A coup in Thailand. A landslide electoral victory in Egypt for a former military chief who overthrew an elected government. Democracy remains elusive in much of Southeast Asia and in much of the Muslim world. Yet, one Muslim-majority country in Southeast Asia proves it is not necessarily so.
Indonesia, which holds both parliamentary and presidential elections this year, is a testament to transformation. In 2001, three years after the fall of authoritarian President Suharto, Indonesia faced a multitude of crises, from Christian-Muslim sectarian strife and Islamist terrorist attacks, to separatist conflicts. That year, Thaksin Shinawatra won elections by landslide and became Thailand’s Prime Minister, but Indonesia’s first democratically elected President, Abdurrahman Wahid, popularly known as Gus Dur, was forced to step down after months of wrangling with lawmakers.
And yet, instead of turning to the men in uniform, Indonesia pressed ahead with political reform — reformasi, as it’s called in Bahasa Indonesia. In 2004, it not only held its first directly elected presidential vote (Gus Dur was elected by legislators), but the military lost its reserved parliamentary seats. “Reformasi achieved a great accomplishment for Indonesian democracy: pushing the military back into the barracks,” says Ulil Abshar Abdalla, an associate researcher at the Jakarta-based think tank Freedom Institute.
On July 9, Indonesia is set to choose its next President, in the third poll in which voters can directly elect their country’s top leader. The two presidential contenders are polar opposites. Joko Widodo is a soft-spoken and immensely popular Jakarta Governor. Prabowo Subianto is a former special-forces commander with a dubious human-rights record and infamously fiery temper.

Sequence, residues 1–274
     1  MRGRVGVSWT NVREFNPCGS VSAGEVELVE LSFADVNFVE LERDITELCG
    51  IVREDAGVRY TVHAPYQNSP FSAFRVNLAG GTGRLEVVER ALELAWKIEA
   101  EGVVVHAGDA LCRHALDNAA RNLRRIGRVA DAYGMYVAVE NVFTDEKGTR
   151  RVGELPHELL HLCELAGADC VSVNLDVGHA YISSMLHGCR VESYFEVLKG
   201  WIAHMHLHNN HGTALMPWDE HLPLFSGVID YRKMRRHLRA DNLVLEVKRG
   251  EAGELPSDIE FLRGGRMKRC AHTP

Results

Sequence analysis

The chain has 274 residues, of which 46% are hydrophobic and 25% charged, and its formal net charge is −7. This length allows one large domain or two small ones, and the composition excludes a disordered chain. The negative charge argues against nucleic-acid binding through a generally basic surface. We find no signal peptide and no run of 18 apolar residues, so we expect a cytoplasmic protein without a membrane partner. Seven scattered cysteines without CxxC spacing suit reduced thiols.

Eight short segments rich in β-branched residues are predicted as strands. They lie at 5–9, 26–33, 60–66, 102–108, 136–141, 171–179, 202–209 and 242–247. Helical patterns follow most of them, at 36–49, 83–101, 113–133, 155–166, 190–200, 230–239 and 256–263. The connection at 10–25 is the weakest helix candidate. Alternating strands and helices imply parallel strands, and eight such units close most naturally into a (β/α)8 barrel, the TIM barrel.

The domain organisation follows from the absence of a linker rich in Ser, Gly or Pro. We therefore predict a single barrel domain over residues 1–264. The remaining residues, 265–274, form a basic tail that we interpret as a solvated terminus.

Prabowo’s camp touts the ex-general as a decisive and firm leader, while Joko’s camp takes pride in his humble and down-to-earth quality. “One represents the culture of a tough military commander, and the other the culture of ordinary, rather than aristocratic, Javanese people,” wrote senior editor Endy Bayuni in the Jakarta Post.
Although the military is out of politics, many retired officers build their second career in it. Prabowo naturally attracts quite a few former soldiers, and there are a number on Joko’s side too, including Wiranto, the Hanura Party’s founder who, in 2000, lost his post as Security Minister over alleged involvement in East Timor’s referendum violence.
But no retired officer is more polarizing than Prabowo. His critics see the 62-year-old as part of Suharto’s authoritarian regime — he was married to a daughter of Suharto, joined elite military units and took part in military operations in the separatist provinces of East Timor and Irian Jaya. His quick rise through the ranks was cut short in 1998 after he was discharged from the military because of his alleged role in the abduction of pro-democracy activists in the months before the fall of Suharto.
His Gerindra Party has formed a coalition with three Islamic parties, two of which are known for intolerant views toward religious minorities. Gerindra’s manifesto has also raised alarm. While it guarantees freedom of religion, it also says that “the state is required to guarantee the purity of teachings of the religions acknowledged by the state from all forms of defamation and deviation.” That is likely to spell more trouble to groups like the Shi‘ite and Ahmadi Muslims, who are frequent victims of violence and intolerance.
Although opinion polls show that Prabowo has gained ground, the 52-year-old Joko, nicknamed Jokowi, is the front runner in the presidential race. But even if Prabowo wins the election, some analysts argue that it will be difficult for him to bring back military rule. “Indonesia’s democratic institutions are pretty solid and can’t be overturned by him,” Ulil says, adding that people should be more worried about “the radical forces around him that support his agenda.”
Prabowo himself tries to assuage fears. “I don’t want to lead in an authoritarian manner,” he said on Twitter, responding to a tweet that suggested if the former general became President, he could follow in the footsteps of the Thai junta, which threatened to block social media (and, according to some reports, briefly did so on Wednesday). “Whatever my political rivals say, I support freedom of the press and of expression.”
But many remain skeptical. “The first obstacle that we have to face,” said Fadjroel Rachman, a student activist turned political commentator, “is the return of the danger of fascism.” And if anything, Indonesia should look to Thailand and Egypt to draw the most important lesson of all: democracy should never be something to be taken for granted.
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